Why it’s not time to dump US equities: A Fed interest rate hike won’t drag down stocks

Fiona Harris
The US party can continue for some time (Source: Getty)

For US equity investors, it’s all eyes on the Fed until we see the first lift-off in interest rates in September or potentially December this year. We’ve got beyond the patch of weak economic data earlier in 2015 and are returning to stronger growth, as signalled by healthy labour market data in recent months. Ironically, the marginal uptick in US unemployment rates is a positive indicator, as it suggests more workers are motivated to rejoin the job market as the economy gets brighter. The big question is whether the Fed will feel comfortable enough with the resilience of the underlying US economy to begin the path towards normalisation.

Throughout this recovery, we’ve longed to see more robust GDP growth, although modest growth so far hasn’t held back the magnitude or longevity of the six year equity bull market. This lack of runaway growth suggests that we’re only in the middle of the business cycle, rather than towards the end. In other words, if this is a much longer economic cycle than we’ve historically been used to, it’s likely we have a lot further to go on the upside, even if we only get there gradually.


The context hasn’t changed much when looking at whether US equities are too expensive. Doubts persist about whether they have reached the top of their potential, with uncertainty about the timing of the Fed interest rate hike acting as another reason for investors to consider taking money off the table. They should think again.
We don’t claim that this market looks inexpensive following several years of spectacular gains, but there are some significant reasons why valuations alone are not valid signs that investors should be taking profits or expecting a correction.
For example, many investors cite the current price to earnings (P/E) ratio on US equities looking stretched as a reason to bail out of the asset class. But let’s look a little closer. Even after returns of more than 200 per cent since the financial crisis, we’re currently on 17x P/E, which is about fair value. It doesn’t feel cheap, but the market isn’t demanding. We say that because, if we look at the history of 12 months returns after forward one-year earnings multiples, we can see the average annualised return in the next two years when the market is on 17x is 16.9 per cent, and over five years it’s 9 per cent annualised. It is not until the market gets to more than 20x that future returns begin to look challenged.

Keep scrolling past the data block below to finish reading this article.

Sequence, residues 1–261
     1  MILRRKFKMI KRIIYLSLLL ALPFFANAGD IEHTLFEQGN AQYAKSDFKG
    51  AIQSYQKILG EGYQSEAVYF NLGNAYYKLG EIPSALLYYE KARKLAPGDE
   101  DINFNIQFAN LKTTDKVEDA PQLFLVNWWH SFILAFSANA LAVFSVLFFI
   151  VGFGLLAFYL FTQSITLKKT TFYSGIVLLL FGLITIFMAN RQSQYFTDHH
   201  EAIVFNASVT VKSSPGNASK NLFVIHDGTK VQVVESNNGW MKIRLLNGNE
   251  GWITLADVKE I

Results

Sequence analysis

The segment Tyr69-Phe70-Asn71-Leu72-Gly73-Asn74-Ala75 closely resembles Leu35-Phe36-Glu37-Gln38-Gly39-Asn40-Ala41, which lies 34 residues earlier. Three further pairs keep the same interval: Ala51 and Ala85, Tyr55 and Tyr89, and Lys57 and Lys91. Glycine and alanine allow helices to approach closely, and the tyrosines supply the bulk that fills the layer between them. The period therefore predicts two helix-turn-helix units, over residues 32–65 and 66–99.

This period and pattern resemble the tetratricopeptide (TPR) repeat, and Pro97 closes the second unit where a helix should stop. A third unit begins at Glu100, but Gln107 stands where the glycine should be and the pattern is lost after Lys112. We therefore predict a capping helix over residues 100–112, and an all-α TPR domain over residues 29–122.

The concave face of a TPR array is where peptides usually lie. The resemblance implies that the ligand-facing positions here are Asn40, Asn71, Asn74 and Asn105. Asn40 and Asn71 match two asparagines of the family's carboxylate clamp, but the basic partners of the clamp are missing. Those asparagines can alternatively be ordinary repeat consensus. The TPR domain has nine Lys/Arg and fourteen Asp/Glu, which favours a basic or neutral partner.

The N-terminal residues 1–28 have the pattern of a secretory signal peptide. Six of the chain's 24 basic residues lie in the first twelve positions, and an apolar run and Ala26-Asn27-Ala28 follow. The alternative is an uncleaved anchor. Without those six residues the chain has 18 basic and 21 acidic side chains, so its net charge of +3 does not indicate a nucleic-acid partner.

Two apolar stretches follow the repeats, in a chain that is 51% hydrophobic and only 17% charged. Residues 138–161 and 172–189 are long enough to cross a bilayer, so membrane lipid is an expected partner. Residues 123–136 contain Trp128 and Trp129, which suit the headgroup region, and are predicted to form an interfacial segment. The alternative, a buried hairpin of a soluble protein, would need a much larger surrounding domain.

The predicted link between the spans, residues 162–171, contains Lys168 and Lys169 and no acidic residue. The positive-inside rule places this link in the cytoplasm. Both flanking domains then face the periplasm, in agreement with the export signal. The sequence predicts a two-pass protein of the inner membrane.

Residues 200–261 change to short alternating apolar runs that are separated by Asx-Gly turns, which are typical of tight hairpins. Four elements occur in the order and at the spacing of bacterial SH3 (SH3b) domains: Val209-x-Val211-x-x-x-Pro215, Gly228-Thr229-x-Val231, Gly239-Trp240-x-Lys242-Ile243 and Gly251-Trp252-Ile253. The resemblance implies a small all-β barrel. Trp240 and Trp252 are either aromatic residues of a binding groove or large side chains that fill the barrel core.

There is reason to believe that stronger US earnings growth will continue to support the market at these levels. In fact, our analysts predict average 4 per cent earnings growth this year (11 per cent if you strip out the energy sector, which is impacted by lower oil prices). Therefore, we don’t necessarily agree that US equity valuations look overly stretched.


We also need to consider the lessons of history when it comes to bear markets. If we define a bear market correction as a fall of 20 per cent or more, the S&P 500 has had 10 bear markets since 1926. Eight were caused by economic recessions or commodity shocks. Extreme valuations were a contributing factor in just four of the 10, many of which were exacerbated by other factors. In other words, valuations are very rarely the cause of the start of a bear market.
Finally, we challenge the notion that rising Fed interest rates could act as a negative drag on US dividend paying stocks. There is actually a positive correlation between rising interest rates and rising equity prices, when interest rates are rising from a low level. When interest rates are rising from a low base, there is a positive relationship between yield movements and equity returns on both the S&P 500 and the MSCI Europe index. The markets’ initial reaction to an interest rate hike tends to be a pullback reflex, but they then tend to revert back to a strong upward trajectory following a rate rise. Therefore, an interest rate hike in the context of a more healthy US economy is unlikely to derail shares.
The US equity bull market may be getting long in the tooth, but investors should reconsider before they rotate out of their US equities exposure. There are solid reasons to believe that the US party can continue for some time.

City A.M.'s opinion pages are a place for thought-provoking views and debate. These views are not necessarily shared by City A.M.

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